Slime on car crashes in New Brunswick

On a recent morning in January, I drove along the southern coast of New Brunswick in a white Mercedes Benz.

As the sun rose, the windshield wipers were blinking, the window sills were ruffled, and the steering wheel was on the edge of rolling white.

But I was still thinking about the cars I had been driving the previous day.

A couple of hours earlier, my driver’s license had been revoked for being a habitual drunk.

“What do you think of this?”

I asked a friend.

“Is it going to get better?”

“I don’t think so,” I replied.

It had.

In the blink of an eye, I was back in the car, my headlights off and my front seats folded.

I was also back in Canada, but in a state of shock.

A year earlier, a car driver in Quebec was charged with the manslaughter of a 20-year-old man in a parking lot in Montreal.

And two weeks ago, in the U.K., a woman was found guilty of the manslaughter in a case that has raised questions about what it means to be a Canadian.

In Canada, the issue of impaired driving is far more complex than it might seem.

As in the United States, impaired driving occurs when the driver is impaired from other drugs, or alcohol, or by a combination of these substances.

“You don’t just hit a guy on the head,” said Derek Pritchard, a professor of criminal justice at Carleton University in Ottawa.

Pritich is one of Canada’s foremost experts on impaired driving.

In Ontario, the Ministry of the Attorney General, Ontario’s chief criminal lawyer, said the criminal code does not have any criminal provision for impaired driving and it’s up to the Crown to decide whether or not it should.

In Quebec, where the province’s impaired driving laws were first implemented in 2004, the province also has a provision for those under the age of 18, and is considering adding that to the criminal codes.

While Ontario and Quebec have strict impaired driving legislation, there are no federal standards or guidelines for driving.

It’s a problem that could lead to a significant spike in impaired driving charges.

“I would imagine we could see more cases of impaired drivers being charged for these types of events,” said Pritick, whose book, Driving Under the Influence, is about how we can make our roads safer for all Canadians.

In many countries around the world, the idea of driving under the influence of alcohol is a common theme, and even more so in the Western Hemisphere, where it’s been a growing problem for decades.

“The trend is there, so it’s a concern,” said Paul Bussard, a Canadian police expert at the University of Guelph.

“But it’s not a new phenomenon.”

There are now nearly 50,000 people in Canada who have been found impaired, according to Statistics Canada.

Some of them were found after having their driving licences revoked, while others were found driving under a suspended licence.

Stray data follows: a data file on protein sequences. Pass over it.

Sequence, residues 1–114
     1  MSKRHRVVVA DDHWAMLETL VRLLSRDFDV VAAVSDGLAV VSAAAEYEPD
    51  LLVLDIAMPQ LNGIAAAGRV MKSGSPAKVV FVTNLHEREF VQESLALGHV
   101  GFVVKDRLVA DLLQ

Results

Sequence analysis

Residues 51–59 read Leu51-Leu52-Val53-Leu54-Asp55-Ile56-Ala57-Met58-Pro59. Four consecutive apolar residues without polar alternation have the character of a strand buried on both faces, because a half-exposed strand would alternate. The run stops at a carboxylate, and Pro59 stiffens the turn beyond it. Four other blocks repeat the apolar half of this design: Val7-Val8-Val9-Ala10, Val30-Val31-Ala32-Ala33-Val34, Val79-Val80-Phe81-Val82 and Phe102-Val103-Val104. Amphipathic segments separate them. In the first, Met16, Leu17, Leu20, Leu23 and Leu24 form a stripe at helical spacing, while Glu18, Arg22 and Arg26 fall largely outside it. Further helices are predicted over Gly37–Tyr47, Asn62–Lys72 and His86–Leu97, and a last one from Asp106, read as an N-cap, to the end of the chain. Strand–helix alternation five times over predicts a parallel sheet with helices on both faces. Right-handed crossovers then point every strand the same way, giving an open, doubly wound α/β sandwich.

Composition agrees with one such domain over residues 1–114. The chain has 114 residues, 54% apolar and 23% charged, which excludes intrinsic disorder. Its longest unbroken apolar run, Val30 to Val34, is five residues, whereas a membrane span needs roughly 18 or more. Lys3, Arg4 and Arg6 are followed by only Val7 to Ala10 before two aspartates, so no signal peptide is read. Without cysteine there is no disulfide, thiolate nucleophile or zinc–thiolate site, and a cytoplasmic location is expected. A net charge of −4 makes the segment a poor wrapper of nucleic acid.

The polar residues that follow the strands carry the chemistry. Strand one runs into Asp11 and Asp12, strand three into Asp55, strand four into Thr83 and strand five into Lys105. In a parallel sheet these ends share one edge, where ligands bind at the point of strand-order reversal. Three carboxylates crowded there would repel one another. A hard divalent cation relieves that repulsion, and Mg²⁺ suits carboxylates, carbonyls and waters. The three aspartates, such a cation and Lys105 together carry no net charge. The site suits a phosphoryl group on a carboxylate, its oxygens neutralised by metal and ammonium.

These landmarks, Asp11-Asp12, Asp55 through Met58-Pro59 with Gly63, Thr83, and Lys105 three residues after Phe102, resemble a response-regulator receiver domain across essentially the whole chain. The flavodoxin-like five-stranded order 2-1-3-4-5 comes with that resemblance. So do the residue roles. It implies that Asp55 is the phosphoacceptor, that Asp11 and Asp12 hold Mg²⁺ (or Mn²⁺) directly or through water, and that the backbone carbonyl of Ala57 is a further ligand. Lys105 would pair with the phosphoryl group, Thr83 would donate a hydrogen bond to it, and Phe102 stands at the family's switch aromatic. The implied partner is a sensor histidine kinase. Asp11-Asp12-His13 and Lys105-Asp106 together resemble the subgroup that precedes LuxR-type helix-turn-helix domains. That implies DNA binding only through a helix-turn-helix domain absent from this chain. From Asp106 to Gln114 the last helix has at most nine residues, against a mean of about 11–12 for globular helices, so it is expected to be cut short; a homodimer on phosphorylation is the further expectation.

In both cases, it’s usually the combination of other drugs or alcohol that is to blame.

But in Canada — where impaired driving convictions are up by roughly 30 per cent over the past two years — it is unclear how the country’s laws are being applied.

What’s causing the increase?

As in other countries around it, impaired drivers have been disproportionately affected by the introduction of new laws, particularly in Quebec, a province with more than 20 per cent of the population.

That has been reflected in the number of impaired convictions in the province.

According to statistics provided by Quebec’s Ministry of Justice, there were 1,827 impaired driving offences recorded in the first six months of this year, a 22 per cent increase over the same period last year.

That’s a 25 per cent jump, or 957, from the same time last year, but still well short of the nearly 300,000 cases of intoxication reported in Canada in 2011.

“There’s a lot of concern that we’ve gone too far in our approach to the problem, and that we’re going to continue to have these high-profile cases where people get in their cars and drive drunk,” said Bussards University of Ottawa criminologist, Professor Daniel Gagnon.

He pointed to a recent court case in Quebec that led to a four-year sentence for a 22-year old man after a woman in his car crashed into a tree, killing her.

The woman was driving under her licence, but was later found not guilty of manslaughter.

While Busses statistics show the number and severity of impaired vehicle convictions has remained relatively stable, the number has increased from 3,624 in 2011 to 4,818 in 2012, and to 4.5 million in 2013.

The number of drivers under the drug or alcohol impairment threshold has also increased.

In 2011, the threshold was set at 0.08.

The last time that threshold was raised was in 2008.

While the number is still low, Busss figures suggest it could be rising.

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